Liverpool leaped onto the world stage in the mid-20th century, when it produced the biggest rock band of all time, the Beatles. Since then, the city has continued to produce some of Britain’s most celebrated musicians, so it is no surprise that it was named 2008’s European Capital of Culture. Long before rock ’n’ roll, Liverpool was famous for its port, which was one of the largest and busiest in the world. By day, learn the city’s interesting Victorian history by touring its waterfront area, which is a UNESCO World Heritage Site. By night, catch a show in this mecca for rock fans.
Stay in the Albert Dock area, the city’s geographical and cultural centre. Photograph the iconic Royal Liver Building, once the tallest building in Europe, which stands on the waterfront. Visit one of the area’s many museums, like the Merseyside Maritime Museum, which is dedicated to the city’s seafaring history. Try scouse, a stew considered to be a Liverpool specialty, at one of the area’s bars or restaurants.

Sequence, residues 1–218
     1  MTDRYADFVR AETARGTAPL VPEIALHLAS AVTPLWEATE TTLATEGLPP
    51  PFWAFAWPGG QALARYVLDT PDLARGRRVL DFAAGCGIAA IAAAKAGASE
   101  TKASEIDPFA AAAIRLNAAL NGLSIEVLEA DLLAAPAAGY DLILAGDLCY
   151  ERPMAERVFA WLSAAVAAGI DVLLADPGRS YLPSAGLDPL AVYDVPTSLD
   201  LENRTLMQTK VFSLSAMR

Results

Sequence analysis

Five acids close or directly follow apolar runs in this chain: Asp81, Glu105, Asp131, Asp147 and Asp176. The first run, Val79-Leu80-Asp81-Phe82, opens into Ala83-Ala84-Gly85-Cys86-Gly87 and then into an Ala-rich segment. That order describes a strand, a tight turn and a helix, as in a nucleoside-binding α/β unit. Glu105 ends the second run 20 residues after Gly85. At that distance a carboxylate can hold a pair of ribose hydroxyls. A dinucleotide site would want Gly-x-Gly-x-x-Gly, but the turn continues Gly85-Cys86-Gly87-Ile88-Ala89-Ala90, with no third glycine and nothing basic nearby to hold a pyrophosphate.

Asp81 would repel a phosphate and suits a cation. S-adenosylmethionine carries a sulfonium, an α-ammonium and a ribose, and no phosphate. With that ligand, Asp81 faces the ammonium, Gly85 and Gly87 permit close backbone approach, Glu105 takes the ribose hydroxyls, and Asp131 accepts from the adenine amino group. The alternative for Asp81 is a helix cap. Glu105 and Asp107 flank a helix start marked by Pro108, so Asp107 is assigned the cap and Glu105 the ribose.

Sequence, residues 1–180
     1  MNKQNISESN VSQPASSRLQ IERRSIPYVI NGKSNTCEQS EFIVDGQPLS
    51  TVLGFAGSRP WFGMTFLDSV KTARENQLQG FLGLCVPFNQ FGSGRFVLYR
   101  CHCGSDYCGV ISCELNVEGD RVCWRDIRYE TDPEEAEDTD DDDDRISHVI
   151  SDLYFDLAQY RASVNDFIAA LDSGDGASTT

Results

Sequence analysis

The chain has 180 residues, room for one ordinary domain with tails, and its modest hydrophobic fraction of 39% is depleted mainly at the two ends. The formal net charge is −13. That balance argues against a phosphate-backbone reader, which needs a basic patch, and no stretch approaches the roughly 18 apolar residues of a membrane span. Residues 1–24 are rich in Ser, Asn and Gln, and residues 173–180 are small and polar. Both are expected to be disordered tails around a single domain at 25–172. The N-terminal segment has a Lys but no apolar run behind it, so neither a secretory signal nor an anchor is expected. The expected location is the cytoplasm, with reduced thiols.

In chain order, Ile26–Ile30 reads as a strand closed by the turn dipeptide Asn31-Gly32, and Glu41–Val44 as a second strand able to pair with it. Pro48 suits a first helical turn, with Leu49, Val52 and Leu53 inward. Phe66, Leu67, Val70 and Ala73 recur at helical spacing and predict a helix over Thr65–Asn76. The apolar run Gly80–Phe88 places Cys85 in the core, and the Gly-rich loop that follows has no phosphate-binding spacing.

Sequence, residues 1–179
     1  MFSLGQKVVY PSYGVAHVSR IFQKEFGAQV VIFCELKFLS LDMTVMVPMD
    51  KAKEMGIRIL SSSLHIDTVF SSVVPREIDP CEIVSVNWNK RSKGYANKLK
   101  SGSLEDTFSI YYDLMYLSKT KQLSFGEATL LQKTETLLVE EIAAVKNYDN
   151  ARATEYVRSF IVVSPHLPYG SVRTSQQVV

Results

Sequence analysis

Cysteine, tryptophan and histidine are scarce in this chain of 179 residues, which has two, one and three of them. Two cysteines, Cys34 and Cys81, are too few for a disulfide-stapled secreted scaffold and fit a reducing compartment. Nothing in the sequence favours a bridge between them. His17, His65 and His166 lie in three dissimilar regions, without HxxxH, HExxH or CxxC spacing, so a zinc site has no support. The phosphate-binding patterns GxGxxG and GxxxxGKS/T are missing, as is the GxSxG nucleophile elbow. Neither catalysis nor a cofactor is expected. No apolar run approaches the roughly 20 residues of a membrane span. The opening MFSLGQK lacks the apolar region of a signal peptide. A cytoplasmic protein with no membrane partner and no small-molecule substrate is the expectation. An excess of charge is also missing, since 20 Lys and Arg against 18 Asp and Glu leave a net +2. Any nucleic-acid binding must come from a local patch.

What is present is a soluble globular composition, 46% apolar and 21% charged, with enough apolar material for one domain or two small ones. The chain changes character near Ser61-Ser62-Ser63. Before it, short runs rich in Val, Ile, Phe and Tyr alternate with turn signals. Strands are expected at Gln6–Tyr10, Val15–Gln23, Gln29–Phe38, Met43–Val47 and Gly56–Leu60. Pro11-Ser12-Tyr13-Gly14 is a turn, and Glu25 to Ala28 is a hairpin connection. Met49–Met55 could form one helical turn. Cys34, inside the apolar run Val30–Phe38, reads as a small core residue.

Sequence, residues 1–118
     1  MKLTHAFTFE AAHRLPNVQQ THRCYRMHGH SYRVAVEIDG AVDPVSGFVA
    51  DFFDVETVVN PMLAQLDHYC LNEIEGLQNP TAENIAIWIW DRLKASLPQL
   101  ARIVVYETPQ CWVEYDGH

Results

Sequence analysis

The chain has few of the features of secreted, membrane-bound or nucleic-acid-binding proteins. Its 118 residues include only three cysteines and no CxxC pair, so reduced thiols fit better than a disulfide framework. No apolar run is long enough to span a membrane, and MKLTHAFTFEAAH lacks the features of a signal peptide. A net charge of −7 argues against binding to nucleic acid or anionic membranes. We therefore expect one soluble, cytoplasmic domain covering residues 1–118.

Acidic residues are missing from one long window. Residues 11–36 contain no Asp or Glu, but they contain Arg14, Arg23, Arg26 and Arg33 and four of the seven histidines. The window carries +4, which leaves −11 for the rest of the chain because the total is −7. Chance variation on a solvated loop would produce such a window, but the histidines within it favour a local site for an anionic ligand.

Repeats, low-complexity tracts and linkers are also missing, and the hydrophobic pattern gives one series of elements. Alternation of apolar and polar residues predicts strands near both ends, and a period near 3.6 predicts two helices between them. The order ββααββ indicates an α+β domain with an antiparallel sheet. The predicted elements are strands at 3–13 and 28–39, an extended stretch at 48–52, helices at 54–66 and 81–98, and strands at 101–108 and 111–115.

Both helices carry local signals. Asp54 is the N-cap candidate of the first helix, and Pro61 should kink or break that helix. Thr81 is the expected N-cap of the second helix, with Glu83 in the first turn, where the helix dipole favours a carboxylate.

Learn about Liverpool’s most famous sons, John, Paul, George and Ringo, at the Beatles Story. Two of the Beatles’ early venues, The Cavern Club and the Liverpool Empire Theatre, still stand in the city. Catch a show at one or both.
Join some of Britain’s most devoted soccer fans at the Anfield Road Stadium, home to the Liverpool Football Club. This team is one of the best in Europe, and accordingly, Liverpool natives are some of the loudest fans. If you can’t get a ticket for a professional game, come out to the expansive Sefton Park on weekends to see amateur teams battle.
Fans of sports, music or history will all find something to love in Liverpool. Arrive in the city by bus, train or plane from many of Europe’s major cities. For the most iconic experience, float into Albert Dock on a boat, and make sure you are listening to Penny Lane as you disembark.